Ten Curious Notes That You Did Not Know About the Annexation of Nicoya Party to Costa Rica

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    1. In the Act of Annexation of the Nicoya Party of July 25, 1824, the word “annexation” does not appear. Apparently in 1848 the Costa Rican diplomats Felipe Molina and Lorenzo Montúfar used the term annexation for the first time, derived from the English word annexation (annexation) and from there its use was implemented. Let’s remember that three years before Texas had been annexed to the United States, so the term “annexation” was in vogue.

    2. We do not celebrate the “Annexation of Guanacaste” as some say, but the “Annexation of the Nicoya Party”, which in 1824 covered the entire Nicoya Peninsula, the islands and even Liberia, with a total of around 5,846 inhabitants, according to historian Carlos Meléndez.

    Therefore, those cheerful maps of the Annexation in which the entire province of Guanacaste is shown, and on top of that segregating the Nicoya peninsula, do not look good. The map that must be presented is the one that corresponds historically to the Nicoya Party: the entire Nicoya peninsula up to Liberia and the Salto river (Liberia-Bagaces border), including La Cruz up to the La Flor de Rivas river and the shores of Lake Nicaragua.

    3.Bagaces, Cañas, Tilarán and Abangares were not annexed to Costa Rica on July 25, 1824. These cantons in the highlands of Guanacaste, then called Bagaces and Las Cañas, had already been Costa Rican territory since 1821.

    4. Apart from the mayor of Nicoya Manuel Briceño, the councilors ToribioViales, UbaldoMartínez and Manuel García also signed the Annexation Act. It is unknown to this day why the fourth councilor named Leandro Obando did not participate in the session or sign the decrees.

    5. Six military officers, three judges, the priest José de la EncarnaciónFernández (business partner of the Briceños) and several main residents also appear signing the annexation document. Thus it is clear that the Nicoyan elite approved such a decision. In total there were 25 signatures that were stamped that July 25. Of these, 10 signatures correspond to relatives of the powerful BriceñoViales lineage, whose participation in the Nicoyan city council was 60% of the charges.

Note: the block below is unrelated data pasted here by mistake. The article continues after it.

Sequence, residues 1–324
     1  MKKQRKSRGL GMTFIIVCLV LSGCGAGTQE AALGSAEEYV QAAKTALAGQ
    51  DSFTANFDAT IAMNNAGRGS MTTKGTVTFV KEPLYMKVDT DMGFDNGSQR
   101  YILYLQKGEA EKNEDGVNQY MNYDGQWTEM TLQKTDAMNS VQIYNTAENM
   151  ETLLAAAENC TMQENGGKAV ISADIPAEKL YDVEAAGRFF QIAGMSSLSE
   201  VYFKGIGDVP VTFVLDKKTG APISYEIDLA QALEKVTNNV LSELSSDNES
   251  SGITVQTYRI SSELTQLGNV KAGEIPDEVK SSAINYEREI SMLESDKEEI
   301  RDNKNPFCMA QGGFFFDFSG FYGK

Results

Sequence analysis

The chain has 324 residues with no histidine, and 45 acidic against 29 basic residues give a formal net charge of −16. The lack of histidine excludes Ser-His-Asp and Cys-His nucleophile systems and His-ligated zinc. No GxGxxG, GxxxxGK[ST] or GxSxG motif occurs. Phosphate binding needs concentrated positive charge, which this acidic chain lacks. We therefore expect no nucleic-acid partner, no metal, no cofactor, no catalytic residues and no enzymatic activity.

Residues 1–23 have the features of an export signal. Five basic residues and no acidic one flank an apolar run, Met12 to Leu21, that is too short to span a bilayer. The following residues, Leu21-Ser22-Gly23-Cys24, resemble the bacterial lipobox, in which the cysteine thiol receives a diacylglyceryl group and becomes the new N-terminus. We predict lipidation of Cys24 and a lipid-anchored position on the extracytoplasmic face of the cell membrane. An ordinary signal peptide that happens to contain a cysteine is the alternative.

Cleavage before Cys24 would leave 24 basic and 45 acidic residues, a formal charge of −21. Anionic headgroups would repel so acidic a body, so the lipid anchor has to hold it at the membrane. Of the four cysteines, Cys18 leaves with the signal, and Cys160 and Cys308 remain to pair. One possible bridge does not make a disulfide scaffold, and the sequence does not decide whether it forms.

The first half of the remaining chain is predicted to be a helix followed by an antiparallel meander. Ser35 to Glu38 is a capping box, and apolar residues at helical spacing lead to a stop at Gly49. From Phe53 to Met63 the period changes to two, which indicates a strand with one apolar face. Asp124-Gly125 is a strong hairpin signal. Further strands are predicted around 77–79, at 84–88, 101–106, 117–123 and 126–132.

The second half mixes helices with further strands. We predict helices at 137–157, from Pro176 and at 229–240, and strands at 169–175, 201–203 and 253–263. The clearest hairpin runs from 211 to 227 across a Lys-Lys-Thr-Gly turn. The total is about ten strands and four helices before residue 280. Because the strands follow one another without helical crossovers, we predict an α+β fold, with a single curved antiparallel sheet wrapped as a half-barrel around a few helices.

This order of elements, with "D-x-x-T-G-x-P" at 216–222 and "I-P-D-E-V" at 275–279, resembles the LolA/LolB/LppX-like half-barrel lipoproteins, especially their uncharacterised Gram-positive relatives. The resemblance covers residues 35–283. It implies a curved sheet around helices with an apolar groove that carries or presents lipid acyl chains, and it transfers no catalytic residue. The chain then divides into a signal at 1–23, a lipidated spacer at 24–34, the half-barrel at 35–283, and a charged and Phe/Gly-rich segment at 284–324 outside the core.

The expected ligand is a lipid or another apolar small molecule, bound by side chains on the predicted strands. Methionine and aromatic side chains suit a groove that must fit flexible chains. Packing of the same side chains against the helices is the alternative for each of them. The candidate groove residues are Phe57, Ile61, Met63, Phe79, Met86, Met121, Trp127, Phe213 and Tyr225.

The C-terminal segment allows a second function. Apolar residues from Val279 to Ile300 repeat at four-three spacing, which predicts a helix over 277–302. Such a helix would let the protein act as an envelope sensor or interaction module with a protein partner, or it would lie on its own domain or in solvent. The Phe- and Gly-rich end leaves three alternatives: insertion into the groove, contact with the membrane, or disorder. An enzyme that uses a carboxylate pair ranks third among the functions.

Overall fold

Politicians between 1820 and 1824, and 12 more signatures correspond to partners in their family businesses, particularly the exploitation of the Brazilwood and cattle raising.

    6. The mayor of Santa Cruz, Justo Arrieta, opposed signing the Annexation Act, for this reason he was dismissed and in the end the Cabildo opted to sign said document together with Nicoya.

    7. The City Council of Liberia, a town then called El Guanacaste, and mostly of Nicaraguan origin, voted against the Annexation on May 23, 1824, but two years later (September 24, 1826) rectified its position and voted in favor.

    8. Strangely, the first legislators of Costa Rica, when proclaiming the Political Constitution of January 25, 1825 (half a year after the Annexation) made the mistake of ignoring the Annexation and not including Nicoya, Santa Cruz or Guanacaste (Liberia), placing the Salto River as the national border with Nicaragua.

    9. Another very strange matter is that in an open town hall held in Nicoya on July 4, 1824, the residents decided to remain united with Nicaragua, unless the National Constituent Assembly meeting in Guatemala those days decided otherwise. At the same time, the Government of Costa Rica is thanked for the invitation to want to unite the Party in its territory, but they point out that “you cannot be a dissident.”A few days later this act appears crossed out and annulled, so it no longer has legal value.

    10. If the term “annex” means forcing one territory to adhere to another, the Nicoya Party NEVER annexed, since its decision was to ADHERE, proclaiming itself “of the Homeland by our will” without pressure from any invading army. In this sense, annexation and fusion can be taken as synonyms, despite the journalistic ridicule that years ago was made against these words issued by a former MEP minister who was quite knowledgeable on the subject. “The term annexation is offensive because it shows a lack of respect for what the Nicoya Party did, the correct word is incorporation,” said folklorist Nago Torres.
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